I wonder, in your personal life or from an academic perspective, how do you choose when to indulge your evolutionary preferences and when not to?

Diana: I don’t have as much control as people may think. I’m very aware when I’m shit-testing, and Geoffrey will say as much to me, but I still carry on. I can also predict how long I’ll be feeling angry and how long I might feel like shit testing.  

Yes, calling it that makes it sound bad because it generally is bad, not just because it’s a red pill term. When I was shit-testing today I recognized that I was taking the thing that he had done most recently as an indicator of his overall commitment rather than aggregating. It’s much easier for a woman to aggregate all of her grievances than to aggregate all of her joys. It’s because of this error management, it’s much better to err on the side of being doubtful about somebody’s commitment. It can be good to play around with these emotions, but it’s hard to handle them.

Geoffrey: It might be better to use a more neutral term. Amotz Zahavi called it ‘testing the bond’ in his 1975 book The Handicap Principle. 

You mentioned giving a talk about how kink spaces are outlets for evolutionary urges. How would kink be represented in days of yore?

Geoffrey: There are carved images that look like the Venus of Willendorf fertility figures that have indications of rope and bondage going back at least 30,000 years. It’s hard to interpret, but tying women up is what you would do when you raid another village to kill all the men and steal the women. 

Domination/submission dynamics run really deep in primates, generally. Primates have been doing domination and submission signals for at least 60-70 million years. The idea of engineering situations that bring that out seems like a natural thing for social primates to do. 

And as for role play, kids like to pretend to be someone they’re not. And sensation play like spanking and flogging… there’s a speculative theory.

The standard form of copulation for mammals is dorso-ventral rear entry — ‘doggy style’. What that tends to do is put a lot of repeated impact on the female’s back end. So, what you’re getting with flogging is a superstimulus of prolonged extra-hard copulation. It’s a fitness indicator because that would be hard for a male to sustain.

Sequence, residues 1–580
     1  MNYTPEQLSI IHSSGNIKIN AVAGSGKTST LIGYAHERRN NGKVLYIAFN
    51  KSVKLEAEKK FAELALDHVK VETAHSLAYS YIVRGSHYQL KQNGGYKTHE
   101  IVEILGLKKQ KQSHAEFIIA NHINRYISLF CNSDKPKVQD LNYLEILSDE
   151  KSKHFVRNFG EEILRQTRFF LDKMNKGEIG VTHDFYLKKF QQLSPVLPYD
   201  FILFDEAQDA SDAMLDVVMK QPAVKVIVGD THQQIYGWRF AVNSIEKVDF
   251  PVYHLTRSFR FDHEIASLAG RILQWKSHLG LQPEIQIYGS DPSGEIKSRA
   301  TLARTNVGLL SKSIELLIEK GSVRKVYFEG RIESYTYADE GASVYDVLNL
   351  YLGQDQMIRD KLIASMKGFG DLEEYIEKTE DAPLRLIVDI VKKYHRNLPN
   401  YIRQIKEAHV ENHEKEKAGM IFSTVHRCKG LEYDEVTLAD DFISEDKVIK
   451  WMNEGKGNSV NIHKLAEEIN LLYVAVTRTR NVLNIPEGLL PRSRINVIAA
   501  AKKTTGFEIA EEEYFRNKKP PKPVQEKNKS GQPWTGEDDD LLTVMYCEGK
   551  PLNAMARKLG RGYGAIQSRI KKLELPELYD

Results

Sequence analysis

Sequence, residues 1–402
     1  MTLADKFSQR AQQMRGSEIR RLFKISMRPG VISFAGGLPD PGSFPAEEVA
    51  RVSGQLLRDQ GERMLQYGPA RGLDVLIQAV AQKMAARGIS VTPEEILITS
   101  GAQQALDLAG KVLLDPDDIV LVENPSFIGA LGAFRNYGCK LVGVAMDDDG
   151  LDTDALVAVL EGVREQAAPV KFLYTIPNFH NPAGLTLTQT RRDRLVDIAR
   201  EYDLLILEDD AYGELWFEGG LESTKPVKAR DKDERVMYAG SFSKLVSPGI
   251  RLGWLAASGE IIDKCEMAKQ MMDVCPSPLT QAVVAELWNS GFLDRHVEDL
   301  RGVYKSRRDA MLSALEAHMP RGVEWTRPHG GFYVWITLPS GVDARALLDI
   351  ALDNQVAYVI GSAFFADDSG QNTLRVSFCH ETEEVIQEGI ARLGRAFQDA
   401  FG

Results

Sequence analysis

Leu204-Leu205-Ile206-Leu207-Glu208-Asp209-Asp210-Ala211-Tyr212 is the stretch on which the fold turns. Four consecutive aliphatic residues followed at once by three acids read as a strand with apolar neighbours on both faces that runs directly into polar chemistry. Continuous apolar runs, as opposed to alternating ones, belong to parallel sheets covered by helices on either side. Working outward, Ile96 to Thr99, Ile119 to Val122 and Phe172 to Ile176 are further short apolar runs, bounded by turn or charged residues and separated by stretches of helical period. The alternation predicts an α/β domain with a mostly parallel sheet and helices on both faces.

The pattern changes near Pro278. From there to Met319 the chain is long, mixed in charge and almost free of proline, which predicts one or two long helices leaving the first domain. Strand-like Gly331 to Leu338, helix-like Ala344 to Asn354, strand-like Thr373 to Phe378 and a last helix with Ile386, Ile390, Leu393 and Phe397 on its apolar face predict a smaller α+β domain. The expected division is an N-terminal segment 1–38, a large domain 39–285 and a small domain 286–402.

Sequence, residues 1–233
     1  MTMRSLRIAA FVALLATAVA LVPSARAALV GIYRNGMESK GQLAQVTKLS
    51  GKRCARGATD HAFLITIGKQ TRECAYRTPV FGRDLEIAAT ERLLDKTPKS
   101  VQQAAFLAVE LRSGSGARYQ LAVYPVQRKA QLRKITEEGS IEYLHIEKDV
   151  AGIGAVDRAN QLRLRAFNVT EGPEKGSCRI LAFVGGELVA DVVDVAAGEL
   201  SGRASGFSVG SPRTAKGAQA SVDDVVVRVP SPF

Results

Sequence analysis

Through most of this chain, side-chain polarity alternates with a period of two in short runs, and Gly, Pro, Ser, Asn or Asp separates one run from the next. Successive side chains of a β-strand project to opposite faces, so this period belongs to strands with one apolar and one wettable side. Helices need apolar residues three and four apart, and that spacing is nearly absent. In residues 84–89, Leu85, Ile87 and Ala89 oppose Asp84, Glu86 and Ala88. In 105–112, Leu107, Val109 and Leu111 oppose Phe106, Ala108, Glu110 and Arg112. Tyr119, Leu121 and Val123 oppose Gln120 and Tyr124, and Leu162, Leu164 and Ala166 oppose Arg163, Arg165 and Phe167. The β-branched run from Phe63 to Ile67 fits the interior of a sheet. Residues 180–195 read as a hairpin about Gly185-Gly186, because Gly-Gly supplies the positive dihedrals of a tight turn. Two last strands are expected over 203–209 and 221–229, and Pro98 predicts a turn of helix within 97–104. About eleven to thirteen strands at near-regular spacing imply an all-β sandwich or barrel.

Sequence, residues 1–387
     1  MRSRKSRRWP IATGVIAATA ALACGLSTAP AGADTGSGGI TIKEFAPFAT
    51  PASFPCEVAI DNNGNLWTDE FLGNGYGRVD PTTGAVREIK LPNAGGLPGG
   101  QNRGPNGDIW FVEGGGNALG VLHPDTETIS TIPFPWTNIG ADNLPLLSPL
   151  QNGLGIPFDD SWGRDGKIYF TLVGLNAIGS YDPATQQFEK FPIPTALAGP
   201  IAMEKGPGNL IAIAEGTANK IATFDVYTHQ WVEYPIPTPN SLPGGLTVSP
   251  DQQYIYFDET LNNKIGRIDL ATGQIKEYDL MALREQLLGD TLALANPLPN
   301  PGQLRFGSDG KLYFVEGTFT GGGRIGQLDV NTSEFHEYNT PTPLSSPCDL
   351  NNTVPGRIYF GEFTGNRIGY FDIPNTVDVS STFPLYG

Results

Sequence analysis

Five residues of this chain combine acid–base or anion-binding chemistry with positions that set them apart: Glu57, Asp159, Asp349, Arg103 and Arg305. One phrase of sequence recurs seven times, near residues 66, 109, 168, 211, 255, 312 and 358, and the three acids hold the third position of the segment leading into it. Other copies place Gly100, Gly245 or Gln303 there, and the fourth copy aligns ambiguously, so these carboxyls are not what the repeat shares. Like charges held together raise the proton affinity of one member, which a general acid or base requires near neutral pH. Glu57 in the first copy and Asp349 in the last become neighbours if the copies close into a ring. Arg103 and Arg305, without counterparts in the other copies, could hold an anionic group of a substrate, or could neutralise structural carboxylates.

Diana: There’s another thing about kink, which is that when you’re aroused you have arousal-induced analgesia — you don’t experience pain as much. If you can take a lot of pain, you’re actually giving an honest signal of how aroused you are. 

The top three sexual fantasies for women are: number one, having sex with their main partner *mimes yawning*, number two, sex with a strange man, and number three, being taken against their will, which is now called “rapture play”. So these are things that women have experienced over evolutionary history many, many times. It’s a controversial thing to talk about but if you look at any romance novel there are often interactions where women are taken against their will. 

Geoffrey: I did give a talk in Amsterdam on the evolutionary psychology of BDSM and kink. What I pointed out there is that a lot of what happens in kink in playing around and ritualizing a lot of evolutionary psychology stuff. Likewise, a lot of what happens in role-play — letting those instincts out to play. And that can be wonderful and creative and really really good for a relationship.